Churches & Creative Businesses -- What Sets Them Apart?

Posted on May 23, 2008

In working with creative artists for more than 23 years, I’ve learned there are at least three elements that cause them to thrive: 1) someone they trust on their team who provides structure, organization and a strong business acumen; 2) an environment that cultivates and promotes creativity, and 3) a place called home—a safe harbor that offers nurturing, accountability, care and a sense of belonging.

All of these elements can be difficult to establish, but the third one is often the toughest, and this is what a church or ministry can provide in a unique setting if they do it right.

1) A trusted partner who provides structure, organization and business acumen. The emphasis really is TRUST. I’m reading “The Speed of Trust” by Stephen M.R. Covey and he beautifully articulates many principles I’ve known in my gut for a long time. “Trust is absolutely key to long-term success,” says Jim Burke, former CEO/President of Johnson & Johnson (see my March 25, 2008 blog about Hillsong Music at

Most “creatists” are weak in the areas of business and organization. Many know they need help, but don’t know where to find or even look for it. For those few lucky enough to have spouses with these attribute (their complement), the answer may reside under their own roof, and hopefully trust is not an issue. But most have to look elsewhere and trust is usually the underlying concern.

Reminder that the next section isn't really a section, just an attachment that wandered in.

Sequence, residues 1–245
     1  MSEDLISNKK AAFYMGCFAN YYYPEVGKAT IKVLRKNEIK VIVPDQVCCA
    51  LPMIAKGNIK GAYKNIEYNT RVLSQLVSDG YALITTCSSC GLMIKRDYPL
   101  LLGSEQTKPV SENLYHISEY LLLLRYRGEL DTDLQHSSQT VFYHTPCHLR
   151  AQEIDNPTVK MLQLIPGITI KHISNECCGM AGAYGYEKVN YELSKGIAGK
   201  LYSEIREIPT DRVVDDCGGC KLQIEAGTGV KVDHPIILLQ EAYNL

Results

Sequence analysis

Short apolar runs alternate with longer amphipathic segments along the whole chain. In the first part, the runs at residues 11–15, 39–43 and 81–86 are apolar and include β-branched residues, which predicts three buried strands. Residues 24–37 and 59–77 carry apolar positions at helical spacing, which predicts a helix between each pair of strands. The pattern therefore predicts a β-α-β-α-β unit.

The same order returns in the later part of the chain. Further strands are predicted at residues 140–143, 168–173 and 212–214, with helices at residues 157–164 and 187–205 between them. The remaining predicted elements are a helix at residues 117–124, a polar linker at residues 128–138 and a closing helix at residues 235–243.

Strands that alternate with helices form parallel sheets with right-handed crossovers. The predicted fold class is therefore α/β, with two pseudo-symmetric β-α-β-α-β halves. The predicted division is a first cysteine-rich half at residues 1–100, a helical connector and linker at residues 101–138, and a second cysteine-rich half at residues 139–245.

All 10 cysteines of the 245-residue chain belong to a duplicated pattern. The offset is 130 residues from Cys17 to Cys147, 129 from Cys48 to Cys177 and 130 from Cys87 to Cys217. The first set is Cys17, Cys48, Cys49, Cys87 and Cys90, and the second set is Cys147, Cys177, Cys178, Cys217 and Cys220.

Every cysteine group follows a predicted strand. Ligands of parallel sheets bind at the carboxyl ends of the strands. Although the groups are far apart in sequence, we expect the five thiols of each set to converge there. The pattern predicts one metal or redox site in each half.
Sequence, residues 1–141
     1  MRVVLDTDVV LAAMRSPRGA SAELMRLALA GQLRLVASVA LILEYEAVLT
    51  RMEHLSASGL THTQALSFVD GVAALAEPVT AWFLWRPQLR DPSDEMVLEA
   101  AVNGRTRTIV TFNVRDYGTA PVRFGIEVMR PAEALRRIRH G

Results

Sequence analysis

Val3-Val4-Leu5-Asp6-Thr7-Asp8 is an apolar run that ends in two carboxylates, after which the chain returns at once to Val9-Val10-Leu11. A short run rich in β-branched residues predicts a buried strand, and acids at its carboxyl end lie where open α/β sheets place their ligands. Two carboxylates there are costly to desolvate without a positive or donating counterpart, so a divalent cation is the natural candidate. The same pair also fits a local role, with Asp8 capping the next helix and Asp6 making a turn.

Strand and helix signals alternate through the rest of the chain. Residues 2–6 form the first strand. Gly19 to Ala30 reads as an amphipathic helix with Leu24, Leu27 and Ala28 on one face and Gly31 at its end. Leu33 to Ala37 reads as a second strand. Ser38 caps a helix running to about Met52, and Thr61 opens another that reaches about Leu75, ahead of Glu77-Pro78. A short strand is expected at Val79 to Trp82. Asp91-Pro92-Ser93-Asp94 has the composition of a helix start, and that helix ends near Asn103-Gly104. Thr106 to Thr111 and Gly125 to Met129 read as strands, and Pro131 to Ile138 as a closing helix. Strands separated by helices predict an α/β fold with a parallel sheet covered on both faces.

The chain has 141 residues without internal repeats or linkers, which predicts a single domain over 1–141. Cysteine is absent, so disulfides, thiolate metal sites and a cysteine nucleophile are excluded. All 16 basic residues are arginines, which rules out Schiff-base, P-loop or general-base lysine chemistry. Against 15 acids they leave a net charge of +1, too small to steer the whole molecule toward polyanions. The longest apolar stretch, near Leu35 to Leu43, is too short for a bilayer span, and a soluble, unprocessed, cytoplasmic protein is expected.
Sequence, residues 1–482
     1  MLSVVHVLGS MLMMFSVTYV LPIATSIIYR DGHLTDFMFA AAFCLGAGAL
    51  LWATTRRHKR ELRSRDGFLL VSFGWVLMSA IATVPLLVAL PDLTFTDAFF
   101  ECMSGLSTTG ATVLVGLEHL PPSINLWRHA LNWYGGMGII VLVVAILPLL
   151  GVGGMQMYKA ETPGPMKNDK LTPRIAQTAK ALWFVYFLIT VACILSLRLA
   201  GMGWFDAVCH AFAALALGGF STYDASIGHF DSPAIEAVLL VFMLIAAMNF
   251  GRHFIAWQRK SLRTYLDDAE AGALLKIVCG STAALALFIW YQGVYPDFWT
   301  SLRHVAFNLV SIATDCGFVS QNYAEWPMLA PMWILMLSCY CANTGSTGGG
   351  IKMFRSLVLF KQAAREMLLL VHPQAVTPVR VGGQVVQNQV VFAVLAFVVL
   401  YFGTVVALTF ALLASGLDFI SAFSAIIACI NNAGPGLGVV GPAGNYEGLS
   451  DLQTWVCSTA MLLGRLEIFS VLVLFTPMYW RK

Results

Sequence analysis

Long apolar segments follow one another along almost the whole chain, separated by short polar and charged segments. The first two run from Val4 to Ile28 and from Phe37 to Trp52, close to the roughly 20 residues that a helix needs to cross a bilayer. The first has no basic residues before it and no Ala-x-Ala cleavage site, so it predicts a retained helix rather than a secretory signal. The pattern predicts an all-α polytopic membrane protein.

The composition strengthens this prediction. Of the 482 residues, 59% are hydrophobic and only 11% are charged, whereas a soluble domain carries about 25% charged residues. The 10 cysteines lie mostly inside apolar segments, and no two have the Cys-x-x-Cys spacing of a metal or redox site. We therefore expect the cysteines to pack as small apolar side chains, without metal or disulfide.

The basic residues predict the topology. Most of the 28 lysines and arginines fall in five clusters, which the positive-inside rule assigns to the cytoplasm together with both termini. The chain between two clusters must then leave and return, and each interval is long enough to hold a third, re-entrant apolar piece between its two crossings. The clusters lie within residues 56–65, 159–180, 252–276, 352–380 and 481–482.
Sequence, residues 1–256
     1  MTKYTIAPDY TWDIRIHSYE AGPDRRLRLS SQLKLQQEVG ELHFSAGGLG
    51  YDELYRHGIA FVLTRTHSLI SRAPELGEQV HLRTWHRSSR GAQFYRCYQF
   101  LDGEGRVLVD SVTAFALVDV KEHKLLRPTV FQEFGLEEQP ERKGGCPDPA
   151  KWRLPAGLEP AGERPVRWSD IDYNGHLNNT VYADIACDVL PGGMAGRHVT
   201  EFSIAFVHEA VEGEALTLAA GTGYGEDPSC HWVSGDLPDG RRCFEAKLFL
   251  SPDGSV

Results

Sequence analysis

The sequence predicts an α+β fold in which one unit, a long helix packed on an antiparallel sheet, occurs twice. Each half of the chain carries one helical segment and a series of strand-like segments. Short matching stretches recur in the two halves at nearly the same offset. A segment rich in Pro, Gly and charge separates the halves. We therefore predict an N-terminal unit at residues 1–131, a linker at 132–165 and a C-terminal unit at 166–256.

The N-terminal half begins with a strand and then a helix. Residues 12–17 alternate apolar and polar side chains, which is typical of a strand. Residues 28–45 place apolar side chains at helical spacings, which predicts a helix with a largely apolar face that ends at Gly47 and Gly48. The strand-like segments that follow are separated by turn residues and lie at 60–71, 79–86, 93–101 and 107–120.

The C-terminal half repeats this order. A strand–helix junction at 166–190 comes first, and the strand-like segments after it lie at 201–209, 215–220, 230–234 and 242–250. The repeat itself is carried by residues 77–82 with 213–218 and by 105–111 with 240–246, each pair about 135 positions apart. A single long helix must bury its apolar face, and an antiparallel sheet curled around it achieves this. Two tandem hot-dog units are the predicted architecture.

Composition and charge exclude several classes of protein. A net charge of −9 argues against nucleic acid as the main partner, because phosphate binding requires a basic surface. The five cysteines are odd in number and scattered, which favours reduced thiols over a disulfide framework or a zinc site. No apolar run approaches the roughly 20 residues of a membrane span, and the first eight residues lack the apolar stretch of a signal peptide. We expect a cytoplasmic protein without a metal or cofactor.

You can find people or companies with financial, business and organization strengths, but trust is the glue that will build a long-term relationship. It’s important to be thorough in researching a company or individual’s track record. Talk to several of their clients (current and former) to hear how well they perform on time and in the manner they promised.

2) An environment cultivating creativity. There are many books that focus on how to develop and promote a creative environment. I’m not an expert in this area, but I believe a church/ministry can promote a creative space by honoring the creative gifts, providing time and place for the creative process (humor, trying crazy things, non-judgmental attitude), and providing stability and accountability. I'd love to hear your thoughts on how to cultivate creative space.

3) A place called home—a safe harbor that offers nurturing, accountability, provision, care and a sense of belonging. This element is probably the most vital to help creativity flourish. The creative process is often lonely and doubt-riddled, and a place of belonging provides a solid foundation for pressing through the tough times of discipline. It’s amazing how many creatists I’ve known who seek and find a home, but later experience devastating disappointment and crushed expectations.

A spiritual home should offer the discipline of accountability, the stability of regular income, sharing ideas and collaboration, and acceptance in failure and success. Not many commercial record companies and publishers can offer this type of home. Some churches/ministries may also be missing these components, but it’s important to intentionally and carefully build these elements into your foundation for long-term success.